In 1888, his grandson, Benjamin Harrison, was elected president in 1888.


May 18, 2014 at 11:42 pm Leave a comment

THIS WEEK in the War of 1812 (February 23 – March 1)

Court Martial

William Hull (xxxxxxxxxxxxxx)

William Hull
(Colonial Society of Massachusetts)

Winter 1814: Indian leader Tecumseh and British General Isaac Brock are dead … Fort Detroit, which they captured in 1812 through subterfuge and bravado, is back in U.S. hands … and American General William Hull, who surrendered Detroit without a fight, is on trial for his life.

After surrendering Detroit in August 1812, Hull is first transported to Montreal as a prisoner of war before being returned to the United States in a prisoner exchange.

In January 1814 Hull’s court-martial began in Albany, New York. On January 17, he pleaded not guilty to charges of treason.

Witnesses – mostly subordinates who had been infuriated when Hull surrendered—testified that he had seemed panicky and distracted during the brief siege. It was noted that in addition to more than 2,000 troops – most of them Ohio and Michigan militia – Hull’s surrender presented the British with more than 3,000 muskets, 37 cannons and other ordnance, 400 rounds of twenty-four-pound solid cannon balls and 100,000 cartridges.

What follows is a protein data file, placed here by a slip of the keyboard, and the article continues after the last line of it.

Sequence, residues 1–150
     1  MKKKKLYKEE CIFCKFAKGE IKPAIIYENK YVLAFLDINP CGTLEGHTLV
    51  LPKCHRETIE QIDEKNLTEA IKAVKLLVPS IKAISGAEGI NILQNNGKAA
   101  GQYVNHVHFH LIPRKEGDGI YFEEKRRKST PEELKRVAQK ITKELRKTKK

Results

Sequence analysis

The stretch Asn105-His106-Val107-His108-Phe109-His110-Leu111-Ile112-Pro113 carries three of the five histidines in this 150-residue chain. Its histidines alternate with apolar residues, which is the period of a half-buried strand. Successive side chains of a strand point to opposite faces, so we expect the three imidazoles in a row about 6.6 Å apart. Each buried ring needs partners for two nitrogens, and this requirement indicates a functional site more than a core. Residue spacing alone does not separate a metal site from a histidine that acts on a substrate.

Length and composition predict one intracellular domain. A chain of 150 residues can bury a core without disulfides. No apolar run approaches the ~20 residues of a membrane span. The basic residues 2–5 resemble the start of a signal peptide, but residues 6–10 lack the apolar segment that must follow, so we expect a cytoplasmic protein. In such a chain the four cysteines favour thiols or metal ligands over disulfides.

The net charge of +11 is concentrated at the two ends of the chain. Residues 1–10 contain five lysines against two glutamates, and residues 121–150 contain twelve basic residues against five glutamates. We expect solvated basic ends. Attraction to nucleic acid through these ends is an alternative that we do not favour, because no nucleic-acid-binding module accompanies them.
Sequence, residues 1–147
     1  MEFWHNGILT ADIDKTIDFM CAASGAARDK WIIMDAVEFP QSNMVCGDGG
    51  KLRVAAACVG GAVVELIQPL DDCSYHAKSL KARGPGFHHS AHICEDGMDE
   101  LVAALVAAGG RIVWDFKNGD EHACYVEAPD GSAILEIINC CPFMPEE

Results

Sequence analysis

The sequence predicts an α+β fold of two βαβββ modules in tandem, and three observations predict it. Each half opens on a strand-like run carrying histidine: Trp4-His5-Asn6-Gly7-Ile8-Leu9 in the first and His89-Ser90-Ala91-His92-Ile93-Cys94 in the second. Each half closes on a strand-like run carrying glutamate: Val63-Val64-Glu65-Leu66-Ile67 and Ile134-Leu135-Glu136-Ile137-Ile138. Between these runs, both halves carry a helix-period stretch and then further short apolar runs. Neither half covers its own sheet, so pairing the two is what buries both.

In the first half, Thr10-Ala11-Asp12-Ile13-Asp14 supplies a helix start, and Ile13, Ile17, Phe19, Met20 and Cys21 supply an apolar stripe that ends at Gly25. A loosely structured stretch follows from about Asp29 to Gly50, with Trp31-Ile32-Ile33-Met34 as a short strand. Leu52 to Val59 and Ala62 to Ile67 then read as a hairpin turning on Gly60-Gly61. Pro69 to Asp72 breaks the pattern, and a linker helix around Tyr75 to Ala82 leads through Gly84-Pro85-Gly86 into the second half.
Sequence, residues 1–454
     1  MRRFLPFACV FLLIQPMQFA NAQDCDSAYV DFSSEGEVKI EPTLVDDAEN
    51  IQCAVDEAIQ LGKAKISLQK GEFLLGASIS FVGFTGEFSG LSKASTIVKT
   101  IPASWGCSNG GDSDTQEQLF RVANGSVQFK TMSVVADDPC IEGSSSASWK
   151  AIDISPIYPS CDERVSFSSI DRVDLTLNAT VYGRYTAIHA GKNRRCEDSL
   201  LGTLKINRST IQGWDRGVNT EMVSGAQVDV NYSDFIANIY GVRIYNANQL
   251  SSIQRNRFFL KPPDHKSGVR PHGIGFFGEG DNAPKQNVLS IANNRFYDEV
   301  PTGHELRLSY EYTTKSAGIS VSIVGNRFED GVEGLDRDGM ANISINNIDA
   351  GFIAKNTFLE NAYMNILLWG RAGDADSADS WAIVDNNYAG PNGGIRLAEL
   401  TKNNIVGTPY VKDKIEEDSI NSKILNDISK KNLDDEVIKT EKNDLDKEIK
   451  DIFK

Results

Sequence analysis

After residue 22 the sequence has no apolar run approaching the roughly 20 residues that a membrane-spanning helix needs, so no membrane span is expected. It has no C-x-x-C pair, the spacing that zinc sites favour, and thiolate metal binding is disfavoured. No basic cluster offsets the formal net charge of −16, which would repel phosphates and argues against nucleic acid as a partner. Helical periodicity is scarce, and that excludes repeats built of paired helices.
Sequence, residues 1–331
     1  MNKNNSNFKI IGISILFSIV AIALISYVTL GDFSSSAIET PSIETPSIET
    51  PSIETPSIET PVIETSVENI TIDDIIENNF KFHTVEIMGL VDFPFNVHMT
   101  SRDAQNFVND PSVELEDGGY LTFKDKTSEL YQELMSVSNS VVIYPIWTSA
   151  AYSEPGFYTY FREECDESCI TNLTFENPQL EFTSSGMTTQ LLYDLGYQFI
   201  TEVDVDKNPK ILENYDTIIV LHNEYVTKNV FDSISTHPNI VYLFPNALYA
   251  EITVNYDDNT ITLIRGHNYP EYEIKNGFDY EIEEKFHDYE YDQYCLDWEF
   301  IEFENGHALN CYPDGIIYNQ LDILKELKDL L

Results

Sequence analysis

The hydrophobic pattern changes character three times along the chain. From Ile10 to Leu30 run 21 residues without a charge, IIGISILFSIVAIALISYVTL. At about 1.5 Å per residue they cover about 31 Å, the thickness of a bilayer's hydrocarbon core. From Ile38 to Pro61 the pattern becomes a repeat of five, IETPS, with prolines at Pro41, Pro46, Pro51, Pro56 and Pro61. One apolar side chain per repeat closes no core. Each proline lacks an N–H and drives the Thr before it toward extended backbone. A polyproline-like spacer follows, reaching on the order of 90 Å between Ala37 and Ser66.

It turned out Hull had surrendered to a smaller force. Brock had only 700 British regulars and militia and about 600 Indians. But through ruse and bluff, he led Hull to believe he faced a far larger force (the Indians marched past the same gap in the woods three times loudly shouting war cries.

The Surrender of Detroit by John Wycliffe Lowes Forster.

The Surrender of Detroit by John Wycliffe Lowes Forster.

Brock had also captured a Detroit-bound ship that carried Hull’s personal possessions, including his papers and war plans. He know U.S. morale was low and the Americans feared the Indians after troops and civilians evacuating Fort Dearborn in Illinois Territory (the site of present day Chicago), were attacked and massacred by Indians.

Hull’s supply lines had been cut, he had poor communications with Washington and Secretary of War William Eustis. His troops were mostly poorly trained and unruly militiamen and volunteers. Th head of the Army, General Henry Dearborn had been slow to launch other attacks into Canada to take some of the pressure off Hull. Dearborn presided over the court-martial.

The final straw in the capture of Detroit probably came when Brock sent a letter to Hull warning that the Indians with the British “will be beyond my control the moment the contest commences.” In other words, surrender or I’ll turn the Indians loose and who knows what savagery that might unleash. There were women and children at Fort Detroit, including Hull’s own children and grandchildren.

Hull about 1800

Hull about 1800

A Revolutionary War veteran who had fought bravely at White Plains, Trenton, Princeton, Saratoga and other battles, the 60-year-old Hull had been territorial governor of Michigan and originally turned down command of the Army of the Northwest.